Law Enforcement Response to Mental Health Crises: Citizen Risk Factors and Preferences for Social Policy
Police Practice and Research
Despite having the potential to affect cooperation and support for law enforcement, community preferences for police training are generally unstudied. This paper seeks to understand (1) general community preferences for police training for responding to mental health crises, (2) where the public prioritizes this mental health crisis training relative to racial bias training, and (3) whether these preferences vary depending on respondent demographics and risk factors for police contact. Survey data from a general sample of Portland, Oregon residents (N = 259) shows public support for police training on responding to mental health crises, but the public as a whole is split over whether mental health, or racial bias training, should be prioritized as the best use of police training time. Logistic regression analyses demonstrate three main findings regarding the impact of respondent characteristics on preferences for police training: (1) black respondents appear concerned that, by drawing attention to mental health crises, police will be more limited in their responses to racial bias; (2) respondents facing the greatest, and those with the least, amount of risk in police/citizen encounters are most supportive of mental health crisis training; and (3) mental illness itself does not appear to affect support for police mental health crisis training. These differences in support for training need to be understood before law enforcement can cultivate community support for police officers and their training practices.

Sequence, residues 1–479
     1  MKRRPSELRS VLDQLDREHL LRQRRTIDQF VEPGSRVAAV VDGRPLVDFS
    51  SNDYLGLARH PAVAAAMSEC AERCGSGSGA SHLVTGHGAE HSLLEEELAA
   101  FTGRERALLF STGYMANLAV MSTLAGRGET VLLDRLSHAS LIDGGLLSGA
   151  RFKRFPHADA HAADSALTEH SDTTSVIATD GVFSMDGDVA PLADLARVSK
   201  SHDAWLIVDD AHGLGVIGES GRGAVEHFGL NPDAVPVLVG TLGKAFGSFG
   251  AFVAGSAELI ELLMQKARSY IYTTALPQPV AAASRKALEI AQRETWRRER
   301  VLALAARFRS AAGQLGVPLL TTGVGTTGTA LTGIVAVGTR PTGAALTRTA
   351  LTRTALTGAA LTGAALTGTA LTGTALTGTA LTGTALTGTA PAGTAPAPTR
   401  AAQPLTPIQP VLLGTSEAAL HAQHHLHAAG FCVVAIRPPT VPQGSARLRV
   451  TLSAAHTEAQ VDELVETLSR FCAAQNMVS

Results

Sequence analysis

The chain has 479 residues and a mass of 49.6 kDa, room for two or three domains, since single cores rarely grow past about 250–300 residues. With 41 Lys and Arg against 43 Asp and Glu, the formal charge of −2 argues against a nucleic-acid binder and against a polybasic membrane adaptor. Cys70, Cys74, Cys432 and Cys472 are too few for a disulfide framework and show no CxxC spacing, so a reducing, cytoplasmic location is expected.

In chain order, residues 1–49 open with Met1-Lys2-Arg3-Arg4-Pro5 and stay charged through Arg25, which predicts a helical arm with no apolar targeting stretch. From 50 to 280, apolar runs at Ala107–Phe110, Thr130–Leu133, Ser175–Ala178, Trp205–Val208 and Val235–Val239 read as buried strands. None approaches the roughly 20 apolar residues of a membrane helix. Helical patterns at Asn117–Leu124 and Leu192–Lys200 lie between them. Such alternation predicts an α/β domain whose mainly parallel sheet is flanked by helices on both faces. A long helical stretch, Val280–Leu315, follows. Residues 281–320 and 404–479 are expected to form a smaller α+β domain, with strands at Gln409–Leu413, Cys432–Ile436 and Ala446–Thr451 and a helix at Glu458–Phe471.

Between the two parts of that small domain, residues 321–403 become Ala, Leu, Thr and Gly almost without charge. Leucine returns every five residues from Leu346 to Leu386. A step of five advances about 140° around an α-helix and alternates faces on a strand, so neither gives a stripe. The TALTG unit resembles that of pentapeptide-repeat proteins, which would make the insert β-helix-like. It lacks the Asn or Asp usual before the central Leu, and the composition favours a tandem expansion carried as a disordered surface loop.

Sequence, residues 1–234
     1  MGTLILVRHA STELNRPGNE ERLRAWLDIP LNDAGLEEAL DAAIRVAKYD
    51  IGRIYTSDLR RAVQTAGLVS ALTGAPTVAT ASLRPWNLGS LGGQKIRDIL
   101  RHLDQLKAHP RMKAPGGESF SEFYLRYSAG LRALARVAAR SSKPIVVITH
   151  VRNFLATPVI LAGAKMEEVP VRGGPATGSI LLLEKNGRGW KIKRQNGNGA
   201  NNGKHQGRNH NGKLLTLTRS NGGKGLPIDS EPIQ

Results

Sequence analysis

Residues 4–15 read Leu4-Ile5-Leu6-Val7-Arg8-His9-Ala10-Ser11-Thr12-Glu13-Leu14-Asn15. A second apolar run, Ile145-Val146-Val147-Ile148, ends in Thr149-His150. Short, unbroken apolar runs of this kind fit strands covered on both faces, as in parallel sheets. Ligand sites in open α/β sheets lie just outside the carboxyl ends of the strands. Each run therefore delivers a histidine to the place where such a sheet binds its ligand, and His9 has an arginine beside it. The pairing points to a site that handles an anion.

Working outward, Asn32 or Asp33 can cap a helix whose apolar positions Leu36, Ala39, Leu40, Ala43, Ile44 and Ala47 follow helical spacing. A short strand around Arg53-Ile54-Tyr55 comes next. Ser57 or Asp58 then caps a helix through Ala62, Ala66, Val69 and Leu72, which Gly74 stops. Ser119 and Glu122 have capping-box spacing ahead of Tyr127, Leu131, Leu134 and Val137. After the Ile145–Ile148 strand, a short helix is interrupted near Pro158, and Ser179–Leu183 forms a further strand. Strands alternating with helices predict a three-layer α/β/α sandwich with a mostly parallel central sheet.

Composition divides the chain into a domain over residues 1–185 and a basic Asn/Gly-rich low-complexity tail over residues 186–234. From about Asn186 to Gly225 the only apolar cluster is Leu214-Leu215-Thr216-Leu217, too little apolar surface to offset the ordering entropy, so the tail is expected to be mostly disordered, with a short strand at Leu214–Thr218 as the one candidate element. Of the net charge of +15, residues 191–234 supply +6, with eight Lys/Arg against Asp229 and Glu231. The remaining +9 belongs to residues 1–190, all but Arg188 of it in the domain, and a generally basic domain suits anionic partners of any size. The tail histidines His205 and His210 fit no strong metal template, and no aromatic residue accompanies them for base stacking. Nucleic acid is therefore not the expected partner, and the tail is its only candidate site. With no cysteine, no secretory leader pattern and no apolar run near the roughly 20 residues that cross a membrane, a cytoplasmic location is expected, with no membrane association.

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Thompson, M., & Kahn, K. B. (2018). Law enforcement response to mental health crises: citizen risk factors and preferences for social policy. Police Practice and Research, 19(4), 329-346.